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MOTORCYCLE HELMETS

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Motorcycle Helmet Safety Rating Certification Guide

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Motorcycle Helmets for Dirt Bikes, Street Bikes and Adventure Motorcycles

The helmet is arguably the most important piece of gear that any motorcyclist owns. It plays a vital role in protecting the rider from impact or abrasion to the head in the event of a crash. Perhaps because it is so important, numerous types and styles of helmets have become available to meet the needs and preferences of a variety of riders. This page is the perfect starting point to find the right helmet for you.

We want your shopping experience to be as simple as possible. That’s why we’ve split our helmets into categories based on the type of motorcycle you ride: dirt bike, street bike and adventure motorcycle. All you have to do is pick a style that you like, and you’re ready to go. The product description of any particular helmet can fill you in on the finer details, and the customer reviews can give you real insight directly from other riders.

Types of Helmets

There are several types of helmets. Full face helmets provide the most protection, while open face and half helmets leave your face exposed. Safety is the primary advantage of full face helmets, while freedom and the open air are the primary draws of open face and half helmets. Modular helmets are also available. These appear like full face helmets and feature a chin bar and face shield, but they can convert to open face helmets when you are not riding – the chin bar flips up. Most modular helmets are not designed to be used in the open-face position while you are riding.

Off-road helmets borrow concepts from the full face helmet, but the design is modified for the needs of dirt bike riders. Goggles are designed to be used instead of a built-in face shield, helping to improve visibility in dusty environments. A long visor is included on top. The chin bar is long and pointed. This improves airflow, allowing the rider to exert more energy while riding without running out of breath. Adventure or dual sport helmets feature a hybrid concept, preserving the built-in face shield of traditional full face helmets while including the visor and pointed chin bar of off-road helmets. They’re a fantastic option if you think that your riding will take you anywhere from highways to forest roads.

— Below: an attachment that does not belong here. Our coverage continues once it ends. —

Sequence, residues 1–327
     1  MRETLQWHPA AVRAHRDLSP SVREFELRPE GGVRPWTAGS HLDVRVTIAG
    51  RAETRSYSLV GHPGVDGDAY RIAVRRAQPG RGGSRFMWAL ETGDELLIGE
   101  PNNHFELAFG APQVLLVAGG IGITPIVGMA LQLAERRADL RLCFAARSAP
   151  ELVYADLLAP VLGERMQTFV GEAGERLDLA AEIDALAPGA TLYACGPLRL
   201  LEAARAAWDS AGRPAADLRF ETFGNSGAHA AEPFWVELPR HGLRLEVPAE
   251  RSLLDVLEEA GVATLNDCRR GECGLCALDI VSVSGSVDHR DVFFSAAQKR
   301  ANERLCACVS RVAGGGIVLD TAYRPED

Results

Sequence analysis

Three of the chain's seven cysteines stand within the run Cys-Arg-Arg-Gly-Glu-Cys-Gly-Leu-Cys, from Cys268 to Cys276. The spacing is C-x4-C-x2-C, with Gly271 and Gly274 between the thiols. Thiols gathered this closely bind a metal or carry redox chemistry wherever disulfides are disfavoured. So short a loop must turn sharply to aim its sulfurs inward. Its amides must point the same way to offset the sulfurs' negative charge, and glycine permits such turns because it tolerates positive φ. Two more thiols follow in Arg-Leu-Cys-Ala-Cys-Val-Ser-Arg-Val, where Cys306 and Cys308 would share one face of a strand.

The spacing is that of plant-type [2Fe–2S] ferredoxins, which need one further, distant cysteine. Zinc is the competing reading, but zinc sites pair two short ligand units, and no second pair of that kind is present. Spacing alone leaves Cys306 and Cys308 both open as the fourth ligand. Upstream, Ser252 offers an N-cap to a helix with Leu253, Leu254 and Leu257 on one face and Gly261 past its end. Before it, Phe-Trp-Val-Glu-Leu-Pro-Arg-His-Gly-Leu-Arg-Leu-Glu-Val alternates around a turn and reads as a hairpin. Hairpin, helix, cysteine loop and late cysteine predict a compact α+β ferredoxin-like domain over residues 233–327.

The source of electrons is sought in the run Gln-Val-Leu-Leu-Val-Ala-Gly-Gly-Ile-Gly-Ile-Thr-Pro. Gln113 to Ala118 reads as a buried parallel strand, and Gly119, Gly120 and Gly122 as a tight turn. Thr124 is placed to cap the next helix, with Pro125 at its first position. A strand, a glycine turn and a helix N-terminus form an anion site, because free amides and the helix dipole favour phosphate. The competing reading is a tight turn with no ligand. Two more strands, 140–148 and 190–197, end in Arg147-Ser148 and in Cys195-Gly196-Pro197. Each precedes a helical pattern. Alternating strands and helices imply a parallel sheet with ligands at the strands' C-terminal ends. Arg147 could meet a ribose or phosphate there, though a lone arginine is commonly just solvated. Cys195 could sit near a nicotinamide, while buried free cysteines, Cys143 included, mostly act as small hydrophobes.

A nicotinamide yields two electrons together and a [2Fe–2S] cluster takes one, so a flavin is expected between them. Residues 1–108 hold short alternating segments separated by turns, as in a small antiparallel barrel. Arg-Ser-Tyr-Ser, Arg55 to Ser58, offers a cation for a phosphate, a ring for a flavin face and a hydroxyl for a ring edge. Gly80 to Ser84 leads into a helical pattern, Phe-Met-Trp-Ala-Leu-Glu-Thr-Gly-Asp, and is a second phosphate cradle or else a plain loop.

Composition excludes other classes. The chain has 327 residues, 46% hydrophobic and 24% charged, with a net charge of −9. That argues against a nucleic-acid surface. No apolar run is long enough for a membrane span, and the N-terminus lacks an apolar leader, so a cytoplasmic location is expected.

Construction

In the simplest terms, motorcycle helmets are built with a durable outer shell (made out of materials like fiberglass or carbon fiber) and an inner layer of EPS foam which cradles the skull. In an impact, the outer shell protects the rider’s head from abrasion and punctures, while the inner shell cushions the head against the impact. As a result, some accidents can occur that leave the helmet looking perfectly fine even though the inner foam has been compromised from the impact. Because of this, you should not continue to use any helmet which has been in an accident. If you want to maintain impact protection, you need to get a new helmet.

Safety Certifications

One thing that you will notice as you research helmets is the safety certifications you will find. The DOT standard is the most common in the United States. DOT stands for Department of Transportation, and in order for a helmet to be street legal, it must meet the DOT standards. As such, you should never purchase a street bike helmet that doesn’t meet DOT standards. (Don’t worry – all of ours do.) Off-road helmets don’t always need to meet DOT standards because they don’t need to be street legal (unless you have a dual sport adventure bike).

The Snell safety certification is enforced by a private, non-profit organization. The two standards are not the same, though the Snell standard is generally accepted as being more rigorous on most of its testing requirements. Nearly all Snell-approved helmets also meet DOT requirements. A third safety certification is ECE. This is a European standard and is widely recognized internationally. It uses a relatively rigorous testing procedure and is regularly reviewed and updated.

Fitment